Arandu gets Community Business Center

CHITRAL: A community-managed business center was inaugurated at Arandu in Lower Chitral district. The business center is established by Sarhad Rural Support Programme with the financial assistance of PATRIP foundation.

The border town of Arandu in district Chitral connects Kunar and Nuristan provinces of Afghanistan with Pakistan. The business center comprises of 20 shops, offices, a mosque and eight public washrooms. The center is expected to play pivotal role in building cross-border relationships between the peoples of this region.

Chitral has traditionally served as a good center for business, economic and social ties between these areas. It is expected that once the border areas open up, the community-run business center would boost business relationships between these areas.

Assistant Commissioner Drosh Abdul Haq, who represented Deputy Commissioner, Commanding Officer 62 Baloch Farooq Bugti, community elders, CEO of Sarhad Rural Support Programme (SRSP) Masood-ul-Mulk and representatives of PATRIP Foundation attended the function.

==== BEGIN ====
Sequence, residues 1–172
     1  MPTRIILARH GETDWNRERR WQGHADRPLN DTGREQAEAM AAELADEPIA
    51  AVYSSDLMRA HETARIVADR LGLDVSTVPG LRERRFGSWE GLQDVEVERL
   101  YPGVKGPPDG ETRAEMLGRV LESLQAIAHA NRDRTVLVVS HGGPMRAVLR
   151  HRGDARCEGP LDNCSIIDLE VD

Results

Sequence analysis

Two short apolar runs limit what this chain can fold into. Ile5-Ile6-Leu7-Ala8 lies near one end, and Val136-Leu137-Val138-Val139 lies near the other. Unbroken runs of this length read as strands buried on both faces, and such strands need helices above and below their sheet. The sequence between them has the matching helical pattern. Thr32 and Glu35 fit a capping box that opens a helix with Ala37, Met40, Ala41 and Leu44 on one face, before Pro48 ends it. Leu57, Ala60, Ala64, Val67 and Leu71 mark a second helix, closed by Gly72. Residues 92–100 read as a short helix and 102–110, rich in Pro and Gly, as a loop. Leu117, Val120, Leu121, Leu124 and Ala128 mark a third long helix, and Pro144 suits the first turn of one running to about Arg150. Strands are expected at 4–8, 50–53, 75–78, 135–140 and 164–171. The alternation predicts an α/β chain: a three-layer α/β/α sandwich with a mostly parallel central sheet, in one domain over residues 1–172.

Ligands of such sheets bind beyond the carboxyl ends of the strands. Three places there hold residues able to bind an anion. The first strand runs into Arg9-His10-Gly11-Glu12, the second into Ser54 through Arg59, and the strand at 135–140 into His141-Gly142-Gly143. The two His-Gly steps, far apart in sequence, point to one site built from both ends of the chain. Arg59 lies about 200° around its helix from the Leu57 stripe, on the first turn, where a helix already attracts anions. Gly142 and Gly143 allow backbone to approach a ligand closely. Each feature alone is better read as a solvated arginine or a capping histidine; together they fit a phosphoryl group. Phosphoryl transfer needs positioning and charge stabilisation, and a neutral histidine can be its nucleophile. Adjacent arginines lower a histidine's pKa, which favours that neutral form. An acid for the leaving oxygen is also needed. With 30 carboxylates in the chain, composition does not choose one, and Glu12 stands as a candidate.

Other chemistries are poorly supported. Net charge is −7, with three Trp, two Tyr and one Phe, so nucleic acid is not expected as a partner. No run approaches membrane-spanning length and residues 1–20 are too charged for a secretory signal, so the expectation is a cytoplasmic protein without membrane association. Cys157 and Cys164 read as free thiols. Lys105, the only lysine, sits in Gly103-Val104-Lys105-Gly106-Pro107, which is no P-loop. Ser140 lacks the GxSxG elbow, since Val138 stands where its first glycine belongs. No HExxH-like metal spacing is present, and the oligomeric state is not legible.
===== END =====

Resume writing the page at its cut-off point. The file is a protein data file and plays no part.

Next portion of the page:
The CEO of SRSP, speaking on the occasion, said the SRSP had helped build 52 kilometres road in the valley to make it accessible. He said his organization rebuilt 32 government schools and improved with additional rooms, latrines and made drinking water available.

A girls’ hostel was established to promote education, he said, adding that Arandu was one of the most neglected parts of this province with abysmal social indicators. “This investment from the government of Germany will help improve the quality of life in the region and boost ties with border districts,” he added.

The elders proposed sports ties across the border as an initial step. However, it was decided that the matter would be discussed at the government level. Assistant commissioner and the community elders were handed over the ownership documents. The community elders thanked PATRIP Foundation, SRSP, the administration and the Pak Army for making development activities possible in this remote and hitherto neglected region. ­